It came cloaked in night. A darkness veiled the Abhuman that went beyond mere shadow. Pure nothingness surrounded it, an un-light that devoured all that it touched. I could not see the teeth and claws that waited within that darkness. My daughter stood fast. Her demon whispering its council in her ear. I knew I could not face it a second time. I had no strength to call the Blood-Red Sword and I couldn’t bear the shame of it if I did. Jarioth tensed, than sagged. She had accepted some hard choice. I could see it in her eyes. Her demon billowed out from her, a serpent of black smoke shot through with bloody fire. It met the destroying darkness and held it back.

She hugged me. It was the first time I had ever held her. When she spoke it was with absolute control. Each word seemed to cost her deeply.

“I…forgive you.”

Than I fell. She had pushed me into the tree. I flowed through the branches and passed down. Through the worlds and back into the mortal realm. I felt the Black Wheel take me and I knew peace.

*    *    *

The creature lay in the branches of the tree. It didn’t move. The shield of un-light had cracked and faded. Its misshapen body convulsed. Its eyes bleeding tiny streams of fire. I stood over it and did the things my devil instructed. I touched its eyes and mouth, praying the oldest prayer as I did. It began to twist and thrash. It knew what I was about to do. I finished the prayer and spoke the benediction:

“As the stars fell, so to have you fallen my child. I give you what they sought. I name thee Arabet!

For a moment the web of creation seemed to dance, the worlds vibrating to a discordant note that rang out, passing into the deep places and ringing true at last. The Abhuman dissolved into the bark of the tree, no longer nameless it followed the sound of its birth cry and sought out the company of the gods it had rejected when the worlds were still young.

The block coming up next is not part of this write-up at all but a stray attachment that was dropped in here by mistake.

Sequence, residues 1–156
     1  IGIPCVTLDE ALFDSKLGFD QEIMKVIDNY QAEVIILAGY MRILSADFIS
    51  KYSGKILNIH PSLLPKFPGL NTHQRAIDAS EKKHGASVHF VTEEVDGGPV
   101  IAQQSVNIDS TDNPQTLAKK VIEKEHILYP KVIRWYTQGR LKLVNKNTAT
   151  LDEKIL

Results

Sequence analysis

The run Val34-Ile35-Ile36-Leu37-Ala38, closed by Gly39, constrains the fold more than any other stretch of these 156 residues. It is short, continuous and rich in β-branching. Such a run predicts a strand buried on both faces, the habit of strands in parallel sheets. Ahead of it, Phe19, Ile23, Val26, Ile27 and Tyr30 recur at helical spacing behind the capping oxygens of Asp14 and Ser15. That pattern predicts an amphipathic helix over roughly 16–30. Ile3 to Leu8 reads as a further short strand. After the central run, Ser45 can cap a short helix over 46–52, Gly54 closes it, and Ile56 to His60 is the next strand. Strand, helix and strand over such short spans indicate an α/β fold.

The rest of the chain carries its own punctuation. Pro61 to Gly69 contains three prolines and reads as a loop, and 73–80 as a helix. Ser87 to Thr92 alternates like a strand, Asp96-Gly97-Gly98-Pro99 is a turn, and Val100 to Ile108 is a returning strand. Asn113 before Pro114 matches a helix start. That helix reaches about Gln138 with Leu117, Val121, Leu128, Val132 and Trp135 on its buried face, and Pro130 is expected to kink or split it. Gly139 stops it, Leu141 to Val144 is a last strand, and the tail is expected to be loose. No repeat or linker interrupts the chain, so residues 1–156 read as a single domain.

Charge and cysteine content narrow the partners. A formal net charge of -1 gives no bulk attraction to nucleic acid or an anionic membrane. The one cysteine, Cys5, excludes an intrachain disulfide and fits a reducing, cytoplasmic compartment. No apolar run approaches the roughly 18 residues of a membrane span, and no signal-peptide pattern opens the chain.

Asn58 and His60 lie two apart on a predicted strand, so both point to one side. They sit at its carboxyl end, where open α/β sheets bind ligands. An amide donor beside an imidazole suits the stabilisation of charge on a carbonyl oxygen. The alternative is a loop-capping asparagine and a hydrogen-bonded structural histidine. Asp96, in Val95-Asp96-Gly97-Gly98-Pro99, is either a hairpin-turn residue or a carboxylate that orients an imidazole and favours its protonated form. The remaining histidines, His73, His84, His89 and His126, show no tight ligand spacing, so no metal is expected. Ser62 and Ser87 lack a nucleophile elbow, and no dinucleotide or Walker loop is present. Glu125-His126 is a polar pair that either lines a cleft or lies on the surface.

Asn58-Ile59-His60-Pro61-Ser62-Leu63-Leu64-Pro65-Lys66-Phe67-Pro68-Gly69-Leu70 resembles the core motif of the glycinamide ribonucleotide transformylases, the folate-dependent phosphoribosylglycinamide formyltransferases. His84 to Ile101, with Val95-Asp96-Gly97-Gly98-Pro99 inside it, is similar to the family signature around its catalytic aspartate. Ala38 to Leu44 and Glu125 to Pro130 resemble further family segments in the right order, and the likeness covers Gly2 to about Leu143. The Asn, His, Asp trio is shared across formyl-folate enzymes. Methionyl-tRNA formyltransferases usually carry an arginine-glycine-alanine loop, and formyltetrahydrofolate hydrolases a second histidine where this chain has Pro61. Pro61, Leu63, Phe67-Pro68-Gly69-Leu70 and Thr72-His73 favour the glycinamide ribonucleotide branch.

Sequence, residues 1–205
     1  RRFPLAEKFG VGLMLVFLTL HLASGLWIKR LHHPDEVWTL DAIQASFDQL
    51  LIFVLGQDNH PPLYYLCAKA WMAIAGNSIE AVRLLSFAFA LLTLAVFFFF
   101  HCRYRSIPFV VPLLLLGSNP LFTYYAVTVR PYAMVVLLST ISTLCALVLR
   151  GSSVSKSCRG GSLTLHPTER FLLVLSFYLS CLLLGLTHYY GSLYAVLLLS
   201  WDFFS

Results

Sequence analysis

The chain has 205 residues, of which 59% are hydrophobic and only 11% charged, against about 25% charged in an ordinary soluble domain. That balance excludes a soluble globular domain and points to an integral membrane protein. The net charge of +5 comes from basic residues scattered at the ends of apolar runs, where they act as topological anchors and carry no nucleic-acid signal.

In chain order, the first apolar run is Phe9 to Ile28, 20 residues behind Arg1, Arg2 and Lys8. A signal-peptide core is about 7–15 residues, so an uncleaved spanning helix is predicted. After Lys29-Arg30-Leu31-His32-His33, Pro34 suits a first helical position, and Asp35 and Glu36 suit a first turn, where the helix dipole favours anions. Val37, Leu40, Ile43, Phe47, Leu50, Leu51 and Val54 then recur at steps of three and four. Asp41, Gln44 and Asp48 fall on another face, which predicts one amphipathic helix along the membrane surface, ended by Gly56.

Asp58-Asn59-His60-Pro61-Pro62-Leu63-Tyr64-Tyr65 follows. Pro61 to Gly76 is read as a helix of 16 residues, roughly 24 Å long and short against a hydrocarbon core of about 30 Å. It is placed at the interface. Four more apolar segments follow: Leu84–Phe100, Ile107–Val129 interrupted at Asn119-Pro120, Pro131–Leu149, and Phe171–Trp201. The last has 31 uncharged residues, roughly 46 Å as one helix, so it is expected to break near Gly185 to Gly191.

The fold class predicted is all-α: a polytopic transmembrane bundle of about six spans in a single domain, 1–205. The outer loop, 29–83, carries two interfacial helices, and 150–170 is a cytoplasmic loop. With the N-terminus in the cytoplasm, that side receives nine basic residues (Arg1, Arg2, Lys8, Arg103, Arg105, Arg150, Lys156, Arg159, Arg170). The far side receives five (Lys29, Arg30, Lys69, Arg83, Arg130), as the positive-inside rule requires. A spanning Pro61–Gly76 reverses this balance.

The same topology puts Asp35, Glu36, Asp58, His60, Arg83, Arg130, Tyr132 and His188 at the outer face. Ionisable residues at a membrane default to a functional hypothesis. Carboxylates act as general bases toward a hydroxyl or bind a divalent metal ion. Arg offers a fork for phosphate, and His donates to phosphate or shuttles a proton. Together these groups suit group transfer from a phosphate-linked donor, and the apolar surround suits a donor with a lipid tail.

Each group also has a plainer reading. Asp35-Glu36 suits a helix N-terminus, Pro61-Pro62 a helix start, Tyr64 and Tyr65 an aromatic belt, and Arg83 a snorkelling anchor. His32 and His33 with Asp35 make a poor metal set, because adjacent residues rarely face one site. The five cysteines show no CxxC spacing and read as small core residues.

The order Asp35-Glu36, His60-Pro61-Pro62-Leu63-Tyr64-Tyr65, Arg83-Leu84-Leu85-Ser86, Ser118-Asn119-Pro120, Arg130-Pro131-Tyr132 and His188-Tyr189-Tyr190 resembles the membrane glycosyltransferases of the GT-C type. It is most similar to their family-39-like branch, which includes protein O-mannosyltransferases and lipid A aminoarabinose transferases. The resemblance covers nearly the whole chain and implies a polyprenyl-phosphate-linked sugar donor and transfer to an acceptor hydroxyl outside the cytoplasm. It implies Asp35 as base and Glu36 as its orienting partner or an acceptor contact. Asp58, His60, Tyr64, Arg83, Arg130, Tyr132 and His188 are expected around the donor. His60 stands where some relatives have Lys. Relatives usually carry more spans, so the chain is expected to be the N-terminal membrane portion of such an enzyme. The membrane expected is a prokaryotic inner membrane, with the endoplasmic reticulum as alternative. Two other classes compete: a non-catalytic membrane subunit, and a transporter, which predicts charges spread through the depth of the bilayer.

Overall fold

*    *    *

When I returned to my body I awoke inside of a corpse. My hands were bound above my head. trussed to the stang. My stomach was slit open and my insides hung around my knees. My garter was tied around my neck. The brand of the Oathbreaker and Warlock. Someone had moved me outside the cave. The sun burned my flesh and the scent of death welled up from within. I had begun to rot in the heat. I tried to flee, back into the spirit world where I was clean and safe, but I could not.

The Runes of Vennorok blackened my skin, burned there and each pierced by a thorn. A binding over each of my Inner Gates. Someone had cut a circle into the ground around me, a spirit-trap that held me fast. My body was dead, but long habit let me feel the knife, a distant slicing ache in my shoulder.

A harsh voice cut through my stupor, sharpened my failing senses.

“We are out of time mistress! They will tear me from you in a moment. If you let that happen we are both lost.” The Lord of Elder Night seemed to quail within my mind.

Who had caught me? I forced my dead eyes to focus, saw my tormentor standing before me, working a gore stained blade into my shoulder. Old Rogath’s daughter! Linna? What was her name? She burned like a miniature sun, blinding and holy. The Body of Light didn’t exist. It was a dream for celibate mystics. A story they told themselves to justify their idiocy. But she had attained it, something denied to us since the beginning of our reign.

I tried to speak, stale air croaked through my lips. She looked into my eyes, her face a mask of hatred. Then she smiled. I remembered that smile. She gave the dagger a wrench and ran her fingers through my hair. Kissed my brow like she used to.